Now that the tide has decided to stay within its normal boundaries and not wander around while high, Lake Little has also resumed it’s usual winter size.  Granted, it fluctuates with the amount of rain we must all endure, but it seems to call out to the waterfowl, “Come on in!  It’s a good day for ducks.”  And come they do.

I wish my duck I.D.-ing skills were better.  All I can say about who is visiting right now is that there seem to be quite a variety and they are LOUD!  Loud and busy.  I imagine they are talking to one another, mostly, but I’ve noticed these last few mornings that our chickens seem to be trying to get into the conversation.

Lake Little 11-17-20

Truly!  Amidst their usual clucking and squawking, I’m hearing  the chickens chatter with sounds suspiciously like quacking.  Plus they seem to wait for responses from the gaggle on the lake.  I’m thinking that now that they’ve mastered a little human speak (they have been quite receptive to my constant demands for “Egg! Egg!”) they are branching out.

I should point out that the above reference should read “raft on the lake” rather than “gaggle on the lake.”  Geese gather in gaggles and I have not yet seen any geese on Lake Little this year.  Ducks gather in rafts, apparently, but when talking about how noisy they are, “gaggle” seems louder than “raft.”  Maybe I should just referto them as a “gabble  on  the lake”…

Little Red Hen Listening to the Ducks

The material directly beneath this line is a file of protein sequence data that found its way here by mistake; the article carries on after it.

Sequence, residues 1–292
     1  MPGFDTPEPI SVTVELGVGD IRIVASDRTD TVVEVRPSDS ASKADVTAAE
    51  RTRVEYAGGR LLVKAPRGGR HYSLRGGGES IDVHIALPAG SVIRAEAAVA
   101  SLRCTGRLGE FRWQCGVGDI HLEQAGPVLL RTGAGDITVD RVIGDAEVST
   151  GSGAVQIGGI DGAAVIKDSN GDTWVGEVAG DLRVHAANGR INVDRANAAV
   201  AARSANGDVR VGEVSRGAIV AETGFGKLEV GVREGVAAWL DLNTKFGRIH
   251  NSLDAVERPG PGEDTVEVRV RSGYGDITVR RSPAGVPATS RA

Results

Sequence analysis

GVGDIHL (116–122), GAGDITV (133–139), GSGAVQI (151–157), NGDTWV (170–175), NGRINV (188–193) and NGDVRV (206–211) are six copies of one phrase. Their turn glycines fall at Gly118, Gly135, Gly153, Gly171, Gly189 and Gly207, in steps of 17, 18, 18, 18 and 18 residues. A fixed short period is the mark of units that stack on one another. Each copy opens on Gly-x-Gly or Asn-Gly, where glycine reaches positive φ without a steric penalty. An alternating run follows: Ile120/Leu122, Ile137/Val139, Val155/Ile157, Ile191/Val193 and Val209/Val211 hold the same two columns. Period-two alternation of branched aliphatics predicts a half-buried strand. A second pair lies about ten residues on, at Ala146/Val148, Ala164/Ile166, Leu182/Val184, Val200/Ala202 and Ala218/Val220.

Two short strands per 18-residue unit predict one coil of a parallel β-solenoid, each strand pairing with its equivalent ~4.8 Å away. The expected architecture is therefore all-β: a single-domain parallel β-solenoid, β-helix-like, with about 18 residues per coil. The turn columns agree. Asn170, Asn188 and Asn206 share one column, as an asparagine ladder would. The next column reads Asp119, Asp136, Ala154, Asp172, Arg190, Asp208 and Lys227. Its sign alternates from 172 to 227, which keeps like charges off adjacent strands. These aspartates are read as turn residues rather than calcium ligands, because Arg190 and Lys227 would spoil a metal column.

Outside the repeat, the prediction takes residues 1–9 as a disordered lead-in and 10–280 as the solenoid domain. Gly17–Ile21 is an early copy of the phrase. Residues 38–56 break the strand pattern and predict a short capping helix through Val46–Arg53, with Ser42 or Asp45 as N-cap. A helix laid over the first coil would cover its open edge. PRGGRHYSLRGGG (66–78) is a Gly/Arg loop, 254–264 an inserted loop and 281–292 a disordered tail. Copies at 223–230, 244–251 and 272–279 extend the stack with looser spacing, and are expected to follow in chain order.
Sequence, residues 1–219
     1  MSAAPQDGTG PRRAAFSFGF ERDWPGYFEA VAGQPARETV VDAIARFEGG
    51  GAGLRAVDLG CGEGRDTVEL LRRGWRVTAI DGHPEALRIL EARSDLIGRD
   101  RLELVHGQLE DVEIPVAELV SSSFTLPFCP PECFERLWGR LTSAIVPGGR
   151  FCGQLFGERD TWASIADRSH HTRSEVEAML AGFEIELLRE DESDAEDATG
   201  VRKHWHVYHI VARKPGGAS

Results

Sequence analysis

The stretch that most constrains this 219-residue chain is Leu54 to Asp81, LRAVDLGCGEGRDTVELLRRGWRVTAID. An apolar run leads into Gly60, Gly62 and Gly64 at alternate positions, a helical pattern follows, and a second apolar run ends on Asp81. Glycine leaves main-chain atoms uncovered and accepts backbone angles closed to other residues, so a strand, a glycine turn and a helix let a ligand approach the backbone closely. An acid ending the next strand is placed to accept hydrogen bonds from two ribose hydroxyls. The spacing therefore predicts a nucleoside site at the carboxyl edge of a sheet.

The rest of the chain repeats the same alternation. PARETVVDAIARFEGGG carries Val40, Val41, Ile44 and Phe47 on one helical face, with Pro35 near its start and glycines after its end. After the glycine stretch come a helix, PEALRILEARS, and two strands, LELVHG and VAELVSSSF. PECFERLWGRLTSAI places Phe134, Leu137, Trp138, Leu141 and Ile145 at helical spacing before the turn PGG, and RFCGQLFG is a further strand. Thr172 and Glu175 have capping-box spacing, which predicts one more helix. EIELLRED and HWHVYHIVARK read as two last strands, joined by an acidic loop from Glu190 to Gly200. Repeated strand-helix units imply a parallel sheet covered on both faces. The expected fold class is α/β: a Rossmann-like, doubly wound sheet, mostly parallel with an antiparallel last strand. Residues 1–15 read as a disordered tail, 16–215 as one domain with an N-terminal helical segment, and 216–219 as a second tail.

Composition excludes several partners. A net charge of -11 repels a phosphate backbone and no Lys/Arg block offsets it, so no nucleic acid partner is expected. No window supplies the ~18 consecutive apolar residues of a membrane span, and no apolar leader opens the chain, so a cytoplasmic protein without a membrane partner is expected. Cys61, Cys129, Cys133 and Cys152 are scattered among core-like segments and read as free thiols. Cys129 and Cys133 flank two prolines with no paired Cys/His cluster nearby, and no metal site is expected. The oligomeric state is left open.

But I digress.  I just wanted to let everyone know that the girls in the coop seem to be in favor of virtual learning.  At least, I’ve never seen them actually approach the pond for up close instruction in duck dialects.  Nevertheless, I think they are getting the hang of it.  You never can tell with chickens…

Look who came calling!

Wednesday, November 18th, 2020

Yesterday afternoon the bay came calling.  Right into Oysterville she came just as bold as can be.  Quietly.  Relentlessly.  Creeping, creeping on and ever onward.

First she passed right by her usual stopping place.  Up and over the bank she came.  Into the meadow, co-mingling with Lake Little just as brazenly as you please.  She flooded out the egret pair who had been poking around the swampy edges .  And then she swallowed up the meadow all together.

She didn’t even hesitate at our fence. Under it she went, sliding along at a pretty good clip.  The wind died down and watched with ‘nary a sound ‘nor a ripple.  Over our east lawn she came, filling in the low spots, heading for higher ground.

She never made it to the front porch, but not for lack of trying.  She just ran out of time.  I didn’t hear the signal for retreat but it must have happened shortly after two.  I went to check on the chickens and the tide seemed to recede with each step I took.